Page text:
If your shop is in a downtown location where parking is a premium, hire some kids to do valet parking for you on your busy Fridays and Saturdays. Your customers will love it! If you are in a colder part of the country, set aside some space for a coat check. Your customers will shop longer and have more hands free for shopping if they aren’t wearing or lugging around a winter coat.

Customer Service is about meeting and exceeding your customer’s expectations. The more Services you offer, especially the Services “no one does,” the more likely you will exceed her expectations.

-Phil Wrzesinski
www.PhilsForum.com

PS Every industry is different. Look at your list of Services. Then think about what Services a customer would expect you to offer. If you don’t offer it, you’re missing out. You need to add it ASAP. Then start brainstorming the fun, unexpected stuff and see what else you can do.

PPS When you get your list, don’t advertise everything on it. Make sure people know that you do the stuff they expect. You can even throw a few fun, unexpected items on your public list. But keep some stuff off your brochures and website so that you can surprise and delight your customers when you do it. This is how you generate Word of Mouth. (Then again, that’s a whole topic all to its own.)

When “Experience” Counts

We didn’t have a hierarchical structure at Toy House. While my dad was still there I did have the mantle of Vice President, but that was mostly to satisfy corporate rules. We didn’t have a manager or assistant managers or department heads. The closest thing we had to any kind of structure were the “key” employees—informally named because they had the keys to the building. They had the final say when I wasn’t in the building.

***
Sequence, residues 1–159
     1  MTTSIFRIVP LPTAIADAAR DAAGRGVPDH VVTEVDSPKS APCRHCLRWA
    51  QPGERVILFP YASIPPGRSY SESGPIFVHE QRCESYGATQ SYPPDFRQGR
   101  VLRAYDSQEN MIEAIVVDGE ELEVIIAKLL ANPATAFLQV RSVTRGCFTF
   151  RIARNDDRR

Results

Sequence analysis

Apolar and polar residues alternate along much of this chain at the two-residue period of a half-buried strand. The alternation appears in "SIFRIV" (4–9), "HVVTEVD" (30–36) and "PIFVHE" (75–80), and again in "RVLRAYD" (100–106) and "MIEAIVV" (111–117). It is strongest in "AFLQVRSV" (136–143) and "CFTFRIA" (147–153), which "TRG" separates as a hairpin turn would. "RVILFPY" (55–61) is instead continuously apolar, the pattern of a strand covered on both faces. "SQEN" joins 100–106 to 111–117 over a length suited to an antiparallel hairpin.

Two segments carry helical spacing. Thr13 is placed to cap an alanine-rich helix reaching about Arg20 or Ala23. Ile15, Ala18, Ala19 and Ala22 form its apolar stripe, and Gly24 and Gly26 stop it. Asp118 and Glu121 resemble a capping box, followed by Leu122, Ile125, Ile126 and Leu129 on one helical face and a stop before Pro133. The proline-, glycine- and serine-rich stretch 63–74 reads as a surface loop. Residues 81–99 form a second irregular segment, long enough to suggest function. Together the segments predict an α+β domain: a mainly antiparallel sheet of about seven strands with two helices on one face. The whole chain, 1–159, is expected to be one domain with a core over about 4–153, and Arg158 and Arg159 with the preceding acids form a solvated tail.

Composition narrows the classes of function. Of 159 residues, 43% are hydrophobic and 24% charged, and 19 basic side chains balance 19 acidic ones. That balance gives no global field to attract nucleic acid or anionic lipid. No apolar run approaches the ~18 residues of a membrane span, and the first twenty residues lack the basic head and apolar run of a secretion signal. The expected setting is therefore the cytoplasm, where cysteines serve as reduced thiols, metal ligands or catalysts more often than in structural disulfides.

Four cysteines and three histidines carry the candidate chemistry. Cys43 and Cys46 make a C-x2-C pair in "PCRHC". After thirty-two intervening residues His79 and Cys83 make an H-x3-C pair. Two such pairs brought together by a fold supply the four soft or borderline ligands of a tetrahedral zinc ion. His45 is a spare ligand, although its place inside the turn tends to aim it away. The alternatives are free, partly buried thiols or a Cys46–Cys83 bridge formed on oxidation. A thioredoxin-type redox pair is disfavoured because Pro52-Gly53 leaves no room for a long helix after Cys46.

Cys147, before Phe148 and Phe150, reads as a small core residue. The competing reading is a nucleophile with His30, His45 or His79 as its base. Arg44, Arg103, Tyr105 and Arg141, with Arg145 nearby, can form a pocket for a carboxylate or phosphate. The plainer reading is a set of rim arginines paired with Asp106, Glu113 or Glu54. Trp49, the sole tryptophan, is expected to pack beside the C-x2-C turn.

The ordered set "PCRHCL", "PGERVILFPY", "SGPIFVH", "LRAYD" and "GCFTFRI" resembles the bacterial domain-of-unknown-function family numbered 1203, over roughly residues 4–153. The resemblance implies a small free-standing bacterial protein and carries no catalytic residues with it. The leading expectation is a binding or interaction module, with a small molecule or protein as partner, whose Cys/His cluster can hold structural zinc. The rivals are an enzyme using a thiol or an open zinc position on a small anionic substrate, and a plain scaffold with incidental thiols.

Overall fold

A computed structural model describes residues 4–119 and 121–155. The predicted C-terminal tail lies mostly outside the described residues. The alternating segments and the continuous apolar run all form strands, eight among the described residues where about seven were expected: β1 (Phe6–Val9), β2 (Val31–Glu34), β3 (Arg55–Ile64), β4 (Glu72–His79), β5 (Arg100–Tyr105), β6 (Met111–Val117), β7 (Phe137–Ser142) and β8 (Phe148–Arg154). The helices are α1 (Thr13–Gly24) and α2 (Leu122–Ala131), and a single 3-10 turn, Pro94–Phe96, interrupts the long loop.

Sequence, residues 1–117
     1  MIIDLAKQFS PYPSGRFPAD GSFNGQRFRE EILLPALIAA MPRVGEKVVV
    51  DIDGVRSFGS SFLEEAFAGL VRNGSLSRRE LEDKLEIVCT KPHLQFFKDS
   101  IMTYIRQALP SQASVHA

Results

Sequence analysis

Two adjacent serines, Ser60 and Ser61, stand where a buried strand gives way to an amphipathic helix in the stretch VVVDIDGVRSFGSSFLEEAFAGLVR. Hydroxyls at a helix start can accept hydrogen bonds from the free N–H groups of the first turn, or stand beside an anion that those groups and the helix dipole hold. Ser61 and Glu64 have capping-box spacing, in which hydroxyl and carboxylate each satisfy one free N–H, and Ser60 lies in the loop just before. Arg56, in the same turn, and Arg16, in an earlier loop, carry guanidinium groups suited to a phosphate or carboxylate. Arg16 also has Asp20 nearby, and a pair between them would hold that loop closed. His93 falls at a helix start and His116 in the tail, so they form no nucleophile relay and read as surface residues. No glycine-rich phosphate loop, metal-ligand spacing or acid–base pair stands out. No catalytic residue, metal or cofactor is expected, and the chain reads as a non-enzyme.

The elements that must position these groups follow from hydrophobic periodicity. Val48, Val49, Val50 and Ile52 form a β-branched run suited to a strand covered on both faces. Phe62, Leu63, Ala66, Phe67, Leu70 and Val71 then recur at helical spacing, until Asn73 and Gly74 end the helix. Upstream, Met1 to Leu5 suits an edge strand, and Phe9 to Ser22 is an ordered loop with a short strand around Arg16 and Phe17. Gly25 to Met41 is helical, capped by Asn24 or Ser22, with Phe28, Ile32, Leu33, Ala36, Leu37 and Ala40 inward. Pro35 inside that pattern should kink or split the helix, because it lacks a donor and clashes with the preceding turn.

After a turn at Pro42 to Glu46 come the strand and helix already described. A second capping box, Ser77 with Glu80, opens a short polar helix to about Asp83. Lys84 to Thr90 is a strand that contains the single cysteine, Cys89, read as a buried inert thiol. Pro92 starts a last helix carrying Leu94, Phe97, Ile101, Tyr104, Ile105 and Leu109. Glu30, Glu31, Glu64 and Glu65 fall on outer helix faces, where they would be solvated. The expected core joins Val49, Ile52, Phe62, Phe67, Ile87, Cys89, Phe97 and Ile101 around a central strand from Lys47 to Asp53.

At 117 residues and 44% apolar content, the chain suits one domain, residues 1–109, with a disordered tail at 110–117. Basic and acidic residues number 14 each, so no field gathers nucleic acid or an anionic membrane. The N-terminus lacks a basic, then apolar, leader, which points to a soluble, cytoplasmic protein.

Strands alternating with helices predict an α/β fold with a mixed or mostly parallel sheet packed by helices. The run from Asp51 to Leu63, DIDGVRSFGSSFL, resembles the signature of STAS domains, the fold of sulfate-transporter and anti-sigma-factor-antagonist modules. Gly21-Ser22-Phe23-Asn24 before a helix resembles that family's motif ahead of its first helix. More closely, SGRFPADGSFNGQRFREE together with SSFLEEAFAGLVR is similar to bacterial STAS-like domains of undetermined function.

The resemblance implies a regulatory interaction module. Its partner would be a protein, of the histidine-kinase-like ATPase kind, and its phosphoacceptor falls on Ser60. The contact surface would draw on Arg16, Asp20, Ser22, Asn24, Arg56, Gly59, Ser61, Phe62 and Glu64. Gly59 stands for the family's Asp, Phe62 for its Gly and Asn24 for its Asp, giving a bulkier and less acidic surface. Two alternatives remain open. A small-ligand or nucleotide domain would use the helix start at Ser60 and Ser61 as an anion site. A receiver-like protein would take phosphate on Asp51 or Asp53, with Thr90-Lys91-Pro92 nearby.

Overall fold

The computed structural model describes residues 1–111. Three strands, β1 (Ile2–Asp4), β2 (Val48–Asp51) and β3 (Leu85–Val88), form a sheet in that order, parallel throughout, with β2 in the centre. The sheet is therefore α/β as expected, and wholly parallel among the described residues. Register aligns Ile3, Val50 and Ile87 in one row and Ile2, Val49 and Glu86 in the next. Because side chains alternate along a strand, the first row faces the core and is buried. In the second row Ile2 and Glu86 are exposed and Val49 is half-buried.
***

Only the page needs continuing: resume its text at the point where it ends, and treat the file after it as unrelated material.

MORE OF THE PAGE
In my last group of key employees, none of them were hired because of their retail experience. They came from a wide variety of backgrounds and brought interesting skills to the table, but only one of them had worked in a similar environment (and she was hired because of skills she had shown in other non-retail jobs).

Yet there they were as my confidants, the inner circle of people I trusted the most with the safety and security of my retail business. They all shared a few traits such as the ability to stay calm in stressful situations, the ability to look at problems from the vantage point of what would be best for the customer and for the store’s reputation long term, and the ability to take charge of a situation if needed.